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Decision clarifies how limitations apply

|Written By Alex Robinson
Decision clarifies how limitations apply
Marvin Huberman says a recent ruling makes it clear that an entity can use s. 224 of the Excise Tax Act to assert a statutory cause of action.

An Ontario judge has awarded a $1.5-million judgment to a plaintiff in a decision that lawyers say clarifies how the province’s statute of limitations applies to the Excise Tax Act.

In National Money Mart v. 24 Gold Group Ltd, Superior Court Justice James Diamond granted a summary judgment motion to Money Mart, which was seeking the $1.5-million payment from 24 Gold Ltd. — a private precious metal refiner and dealer — for HST it had not paid when buying unrefined gold.

Lawyers say the decision clarifies that the clock starts to tick on the limitations period in such matters when the CRA assesses tax that is owed.

“This case actually makes it very clear how an entity like Money Mart can assert a statutory cause of action that the Excise Tax Act gives them,” says Marvin Huberman, the lawyer who represented Money Mart in the action.

Between 2010 and 2012, Money Mart sold unrefined gold to 24 Gold for a total sum of more than $12 million. According to the decision, 24 Gold never remitted $1.5 million in HST to the government.

Precious metals are generally exempt from HST, but because the gold was unrefined, it was not entitled to the exemption.

Money Mart started an action against 24 Gold after the CRA conducted an audit on the company’s HST returns in 2015.

The CRA satisfied the unpaid debt out of Money Mart’s 2016 corporate tax payments and 24 Gold refused to reimburse the financial services company.

At issue in the proceeding was whether provisions of the Excise Tax Act gave Money Mart a statutory right of action.

Section 224 holds that when a supplier or seller has made a taxable supply to a recipient or purchaser and has remitted the tax payable to the CRA, the supplier can bring an action against the recipient.

Diamond found the section allows that when suppliers pay outstanding tax owed by a recipient, “then and only then” does the supplier have the right to sue.

The defendants contended that s. 225 of the act places a two-year limitation on 24 Gold’s ability to claim the corresponding input tax credit, meaning the company had allegedly lost the right to claim such a credit because of Money Mart’s delay.

This should preclude the plaintiff’s action, 24 Gold submitted.

Diamond rejected this argument, finding s. 224 does not have a time limit on when a plaintiff must bring such an action.

“On that basis alone, I do not find the presence of any limitation period in the Excise Tax Act to commence a legal proceeding contemplated under section 224,” he wrote in the decision.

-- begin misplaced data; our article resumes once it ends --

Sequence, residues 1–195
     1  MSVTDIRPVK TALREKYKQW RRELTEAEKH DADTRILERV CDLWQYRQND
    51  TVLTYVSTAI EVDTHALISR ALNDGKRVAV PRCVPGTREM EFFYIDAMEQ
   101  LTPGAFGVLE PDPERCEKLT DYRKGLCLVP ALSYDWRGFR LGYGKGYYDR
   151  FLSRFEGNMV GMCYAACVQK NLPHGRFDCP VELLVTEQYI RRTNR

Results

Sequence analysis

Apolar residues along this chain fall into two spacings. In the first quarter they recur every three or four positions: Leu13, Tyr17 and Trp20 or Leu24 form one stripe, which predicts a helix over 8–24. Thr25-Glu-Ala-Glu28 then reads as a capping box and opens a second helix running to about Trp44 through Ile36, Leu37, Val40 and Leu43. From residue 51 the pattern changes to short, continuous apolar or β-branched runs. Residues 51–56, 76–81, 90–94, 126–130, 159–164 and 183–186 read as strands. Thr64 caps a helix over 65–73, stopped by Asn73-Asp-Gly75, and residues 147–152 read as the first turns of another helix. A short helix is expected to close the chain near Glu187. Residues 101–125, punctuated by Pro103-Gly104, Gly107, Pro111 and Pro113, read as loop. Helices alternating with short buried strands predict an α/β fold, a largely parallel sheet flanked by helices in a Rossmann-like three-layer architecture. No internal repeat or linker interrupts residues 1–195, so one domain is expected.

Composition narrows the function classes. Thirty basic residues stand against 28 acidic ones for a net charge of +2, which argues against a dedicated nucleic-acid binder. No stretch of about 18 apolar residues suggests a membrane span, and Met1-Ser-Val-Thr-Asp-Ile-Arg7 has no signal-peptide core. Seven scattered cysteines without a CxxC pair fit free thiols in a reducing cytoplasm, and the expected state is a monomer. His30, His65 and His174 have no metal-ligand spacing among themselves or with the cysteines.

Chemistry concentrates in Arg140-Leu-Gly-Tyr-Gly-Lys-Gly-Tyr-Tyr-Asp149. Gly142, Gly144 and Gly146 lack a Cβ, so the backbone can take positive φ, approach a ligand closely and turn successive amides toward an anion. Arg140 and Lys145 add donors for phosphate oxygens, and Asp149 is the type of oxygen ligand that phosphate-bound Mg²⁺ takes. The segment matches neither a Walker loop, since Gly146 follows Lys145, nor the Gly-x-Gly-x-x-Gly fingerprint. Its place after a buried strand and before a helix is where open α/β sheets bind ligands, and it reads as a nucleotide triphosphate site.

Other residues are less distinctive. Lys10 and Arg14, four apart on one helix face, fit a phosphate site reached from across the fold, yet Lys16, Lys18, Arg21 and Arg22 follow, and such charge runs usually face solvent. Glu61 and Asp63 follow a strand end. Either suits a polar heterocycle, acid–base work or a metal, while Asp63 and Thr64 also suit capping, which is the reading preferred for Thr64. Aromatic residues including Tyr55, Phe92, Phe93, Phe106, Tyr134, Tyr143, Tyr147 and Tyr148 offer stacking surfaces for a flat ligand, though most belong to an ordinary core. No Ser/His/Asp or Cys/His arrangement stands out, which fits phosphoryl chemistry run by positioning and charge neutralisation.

Huberman says the decision makes it very clear what needs to be done in order to bring a cause of action under s. 224 of the Excise Tax Act, as well as what the applicable limitations period is.

The judge also determined that s. 225 of the act allows the input tax credit to be filed at any time as long as HST was not originally charged and the CRA has since audited the vendor for the outstanding tax.

Lawyers say the decision points out the power of the supplier’s right under s. 224 of the act to sue a recipient of a taxable supply when the recipient hasn’t paid the tax to the supplier and recover it as if it were a debt. 

“In fact, the court’s willingness to provide ‘summary judgment’ on these matters shows the practical power of this right,” says Robert Kreklewetz, a partner with Millar Kreklewetz LLP, who was not involved in the decision.

Kreklewetz says the underlying issue for the recipient in such a case is how to challenge the CRA’s assessment that the gold was subject to HST.

“It cannot, and yet that can be the real underlying issue in some of these cases where there is a legitimate issue as to whether the initial supply was taxable, zero-rated or exempt,” he says.

The defendant also argued that Money Mart’s claim was statute-barred by the Limitations Act and should have immediately realized its failure to invoice 24 Gold at the time of the transactions for the owing tax.

Diamond, however, found that Money Mart did not have a cause of action until it invoked s. 224 after it paid the HST that was due.

The limitation period, therefore, would not commence until June 2015 at the earliest.

“While I do not condone the delay on the part of the plaintiff to properly invoice the subject transactions, the bottom line is that the plaintiff could not commence a legal proceeding until the CRA audit resulted in the payment by the plaintiff of the outstanding HST,” Diamond wrote.

“No cause of action in law existed until that point.”

Robert Winters, a tax lawyer who was not involved in the case, says he expects the case will be appealed.

“I don’t think tax lawyers will look at this and expect this to be the last word on it,” he says.

Jack Zwicker, the lawyer who represented 24 Gold, did not respond to a request for comment.        LT


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